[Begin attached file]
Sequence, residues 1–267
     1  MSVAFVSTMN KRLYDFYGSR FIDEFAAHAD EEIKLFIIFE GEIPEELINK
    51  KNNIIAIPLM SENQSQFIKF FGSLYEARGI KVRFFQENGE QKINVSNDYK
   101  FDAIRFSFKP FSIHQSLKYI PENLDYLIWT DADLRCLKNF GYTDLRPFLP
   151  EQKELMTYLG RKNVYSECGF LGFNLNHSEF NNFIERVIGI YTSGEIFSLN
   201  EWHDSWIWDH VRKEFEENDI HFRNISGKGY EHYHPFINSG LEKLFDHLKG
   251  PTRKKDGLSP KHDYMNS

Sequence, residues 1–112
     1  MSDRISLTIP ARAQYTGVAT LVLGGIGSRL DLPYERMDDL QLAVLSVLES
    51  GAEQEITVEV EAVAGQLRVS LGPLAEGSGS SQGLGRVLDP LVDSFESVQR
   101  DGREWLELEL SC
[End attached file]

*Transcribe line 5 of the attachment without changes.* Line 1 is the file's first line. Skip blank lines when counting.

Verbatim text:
   151  EQKELMTYLG RKNVYSECGF LGFNLNHSEF NNFIERVIGI YTSGEIFSLN